Hunger cues versus the passage of time in the resolution of an approach-avoidance conflict

UNCG Author/Contributor (non-UNCG co-authors, if there are any, appear on document)
William H. Redd (Creator)
The University of North Carolina at Greensboro (UNCG )
Web Site:
Charles Noblin

Abstract: Two experiments were designed to test the hypothesis that approach-avoidance conflict becomes associated with hunger cues during conflict acquisition in a straight alley runway, and that these cues lose some of their avoidance properties during that period of time spent outside the conflict situation. When the animals are returned to the alley, the avoidance component associated with hunger cues is already extinguished, and the animal makes the goal response. Thirty-six naive male albino rats of the Sprague-Dawley strain were used in experiment I. An approach-avoidance conflict was generated in the traditional manner by first pairing the approach response with food and, after firmly establishing the approach component, pairing it with shock until the animal failed to make any forward movement. In order to insure that the gradients intersected at the same point, Ss were given extinction trials until they moved from 8 to 12 in. down the alley, and matched. They were then randomly assigned to three groups: an alley group, a home-cage satiation group, and a home-cage deprivation group. These designations refer to where the time following the conflict training was spent and, for the home-cage groups, the drive condition (satiation or deprivation) during this period. Trial-by-trial extinction (two trials per day) was administered until the alley group extinguished the avoidance response to the criterion of two successive goal responses. As soon as the alley group reached the criterion, the home-cage groups were placed on 100% deprivation for 24 hours, and subsequently were given all extinction trials in one day until the criterion was reached.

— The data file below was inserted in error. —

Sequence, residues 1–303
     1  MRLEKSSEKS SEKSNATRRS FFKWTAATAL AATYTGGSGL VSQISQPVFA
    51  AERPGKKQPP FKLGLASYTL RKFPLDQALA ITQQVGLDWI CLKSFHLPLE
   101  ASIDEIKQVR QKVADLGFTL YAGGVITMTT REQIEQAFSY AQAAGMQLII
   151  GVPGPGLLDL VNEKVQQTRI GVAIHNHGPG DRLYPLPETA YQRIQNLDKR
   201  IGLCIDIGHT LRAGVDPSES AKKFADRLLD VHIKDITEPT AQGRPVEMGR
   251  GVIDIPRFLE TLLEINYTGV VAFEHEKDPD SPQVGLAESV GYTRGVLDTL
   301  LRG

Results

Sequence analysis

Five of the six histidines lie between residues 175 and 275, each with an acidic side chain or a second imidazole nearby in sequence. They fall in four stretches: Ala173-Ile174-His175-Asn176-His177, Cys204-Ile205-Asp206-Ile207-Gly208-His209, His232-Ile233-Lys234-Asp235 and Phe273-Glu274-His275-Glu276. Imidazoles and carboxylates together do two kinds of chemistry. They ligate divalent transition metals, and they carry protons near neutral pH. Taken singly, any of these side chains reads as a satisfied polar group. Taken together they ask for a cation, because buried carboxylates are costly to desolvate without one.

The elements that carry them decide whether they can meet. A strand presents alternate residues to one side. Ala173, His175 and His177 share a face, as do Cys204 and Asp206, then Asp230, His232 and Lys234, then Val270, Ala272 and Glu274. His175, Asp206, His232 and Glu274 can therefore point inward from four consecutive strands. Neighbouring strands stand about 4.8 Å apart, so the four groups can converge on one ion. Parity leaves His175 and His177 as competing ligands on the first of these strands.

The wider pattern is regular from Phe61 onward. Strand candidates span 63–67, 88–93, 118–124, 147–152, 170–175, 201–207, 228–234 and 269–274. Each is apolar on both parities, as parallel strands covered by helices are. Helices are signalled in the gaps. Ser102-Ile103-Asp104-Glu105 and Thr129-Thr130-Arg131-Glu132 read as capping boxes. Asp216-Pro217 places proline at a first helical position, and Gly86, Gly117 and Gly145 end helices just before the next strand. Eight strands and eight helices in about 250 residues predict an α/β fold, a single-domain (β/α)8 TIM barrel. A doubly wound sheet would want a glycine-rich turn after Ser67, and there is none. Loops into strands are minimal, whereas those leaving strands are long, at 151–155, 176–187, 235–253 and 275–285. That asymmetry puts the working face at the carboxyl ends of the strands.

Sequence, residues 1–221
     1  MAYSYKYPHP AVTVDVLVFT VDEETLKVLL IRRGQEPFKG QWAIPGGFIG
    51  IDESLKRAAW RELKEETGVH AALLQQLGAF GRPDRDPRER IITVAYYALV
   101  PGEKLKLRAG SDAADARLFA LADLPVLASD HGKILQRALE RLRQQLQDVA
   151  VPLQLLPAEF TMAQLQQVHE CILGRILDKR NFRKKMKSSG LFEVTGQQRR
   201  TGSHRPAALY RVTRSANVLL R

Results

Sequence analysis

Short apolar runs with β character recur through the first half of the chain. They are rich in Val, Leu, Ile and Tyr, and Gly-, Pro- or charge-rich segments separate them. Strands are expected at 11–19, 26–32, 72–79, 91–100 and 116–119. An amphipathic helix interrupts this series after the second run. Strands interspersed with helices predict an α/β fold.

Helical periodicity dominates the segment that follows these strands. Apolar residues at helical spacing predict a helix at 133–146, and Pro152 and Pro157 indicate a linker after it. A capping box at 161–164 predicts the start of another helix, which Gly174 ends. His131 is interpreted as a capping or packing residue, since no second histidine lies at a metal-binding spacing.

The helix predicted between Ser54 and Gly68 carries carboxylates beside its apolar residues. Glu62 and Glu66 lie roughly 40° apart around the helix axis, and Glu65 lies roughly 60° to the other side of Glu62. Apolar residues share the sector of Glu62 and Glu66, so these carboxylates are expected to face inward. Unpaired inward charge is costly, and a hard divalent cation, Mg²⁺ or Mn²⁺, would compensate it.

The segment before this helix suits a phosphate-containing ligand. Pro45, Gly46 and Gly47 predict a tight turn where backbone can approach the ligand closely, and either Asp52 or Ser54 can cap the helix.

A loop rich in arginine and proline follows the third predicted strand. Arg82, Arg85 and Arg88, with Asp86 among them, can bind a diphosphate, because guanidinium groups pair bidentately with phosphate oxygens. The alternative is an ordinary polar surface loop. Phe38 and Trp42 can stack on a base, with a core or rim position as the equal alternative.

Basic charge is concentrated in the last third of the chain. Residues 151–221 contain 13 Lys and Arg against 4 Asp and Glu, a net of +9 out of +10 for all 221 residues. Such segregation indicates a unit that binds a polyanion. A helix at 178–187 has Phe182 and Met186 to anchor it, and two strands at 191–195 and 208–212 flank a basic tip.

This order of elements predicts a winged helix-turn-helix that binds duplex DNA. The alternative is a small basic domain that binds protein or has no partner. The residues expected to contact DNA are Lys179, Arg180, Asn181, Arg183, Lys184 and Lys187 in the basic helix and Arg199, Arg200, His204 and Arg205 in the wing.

Additional Information

Language: English
Date: 1966
Operant conditioning
Conflict (Psychology)
Animal experimentation
Rats as laboratory animals
Psychology $x Experiments

Email this document to